SUGGESTED ACTIVITIES

For Teachers Utilizing This Curriculum as a Teaching Tool
- Ask students to list all the ways that they can think of that whales are similar to humans. Ask them to list all the ways they are different. Repeat the same exercise substituting fish for humans.

- Ask each student to develop a pneumonic device to help them to remember the order of levels used in biological classification (ie., King Philip caught orange fish and green spiders)

- Lead a discussion about adaptive radiation. Ask students to give examples of mammals that live in the air, in the water, and on the land. Ask them to name what adaptations they think the animal has undergone to live successfully in their particular type of habitat.

- Ask students to make a list describing all the ways that toothed whales are similar to baleen whales. Make a second list describing all the ways they are different from one another. In this list, several important differences should have been noted. Why do you think these differences exist?

- Organize and lead a whale watch excursion for your class. There are a number of boating companies that offer sea-going tours on Maui, Oahu, and the Big Island, as well as several excellent land-based vantage points to view the whales during their stay in the islands from November through May.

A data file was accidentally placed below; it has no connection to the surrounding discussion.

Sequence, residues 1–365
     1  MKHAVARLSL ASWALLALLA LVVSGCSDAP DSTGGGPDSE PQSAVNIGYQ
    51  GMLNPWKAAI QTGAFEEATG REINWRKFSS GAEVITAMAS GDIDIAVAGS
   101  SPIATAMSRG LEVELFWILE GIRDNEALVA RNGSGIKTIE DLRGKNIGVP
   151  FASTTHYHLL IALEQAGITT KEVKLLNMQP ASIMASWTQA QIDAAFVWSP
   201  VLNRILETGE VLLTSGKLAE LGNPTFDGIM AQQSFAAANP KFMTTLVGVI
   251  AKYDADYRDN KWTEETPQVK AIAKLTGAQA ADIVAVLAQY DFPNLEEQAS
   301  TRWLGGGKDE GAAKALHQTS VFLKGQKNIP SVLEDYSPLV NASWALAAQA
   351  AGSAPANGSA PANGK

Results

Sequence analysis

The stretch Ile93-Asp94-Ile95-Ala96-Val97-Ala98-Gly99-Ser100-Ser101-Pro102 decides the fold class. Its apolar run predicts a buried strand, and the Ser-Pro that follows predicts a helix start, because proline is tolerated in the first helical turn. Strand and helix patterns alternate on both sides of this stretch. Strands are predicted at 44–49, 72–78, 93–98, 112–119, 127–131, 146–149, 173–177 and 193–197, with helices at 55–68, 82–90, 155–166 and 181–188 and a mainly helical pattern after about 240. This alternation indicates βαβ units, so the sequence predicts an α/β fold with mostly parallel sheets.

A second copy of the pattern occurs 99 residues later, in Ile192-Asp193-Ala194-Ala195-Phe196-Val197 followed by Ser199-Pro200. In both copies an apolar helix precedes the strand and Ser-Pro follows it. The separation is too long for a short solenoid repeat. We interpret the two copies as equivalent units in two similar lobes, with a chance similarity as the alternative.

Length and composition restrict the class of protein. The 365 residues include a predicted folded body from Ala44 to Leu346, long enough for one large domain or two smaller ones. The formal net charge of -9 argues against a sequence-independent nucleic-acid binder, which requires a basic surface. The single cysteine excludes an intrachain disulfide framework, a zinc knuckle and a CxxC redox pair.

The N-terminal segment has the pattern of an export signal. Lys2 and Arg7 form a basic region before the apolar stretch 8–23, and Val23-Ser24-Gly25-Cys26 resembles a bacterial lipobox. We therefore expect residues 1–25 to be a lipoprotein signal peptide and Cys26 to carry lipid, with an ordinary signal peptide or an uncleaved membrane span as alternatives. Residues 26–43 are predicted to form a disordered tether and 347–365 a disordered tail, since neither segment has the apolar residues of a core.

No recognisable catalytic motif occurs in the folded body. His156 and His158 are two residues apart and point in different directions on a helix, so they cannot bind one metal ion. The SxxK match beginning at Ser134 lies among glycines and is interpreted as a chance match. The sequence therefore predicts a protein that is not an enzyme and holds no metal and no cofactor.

- Pretend your class is the newly appointed International Whaling Commission (IWC). As a group, draw up a new international treaty which would be used worldwide to conserve whales in the 21st century. Send your recommendations to members of the real IWC in London- let them know what you think! Here's their address: International Whaling Commission; The Red House; Station Road; Histon, Cambridge CB4 4NP; UNITED KINGDOM.

- Draw a map showing the migration route for Humpback whales from the North Pacific to Hawaii. Have students explain how the whale's activities change along the migratory route (ie., where whale feeds, where mates, where sings).

- In 1986, an international ban on commercial whaling was agreed to by all whaling nations in order to give depleted whale populations a chance to recover. Some nations are not in favor of the ban and would like to resume commercial whaling. Ask students why they think these nations should or should not be able to resume whaling, and under what conditions.


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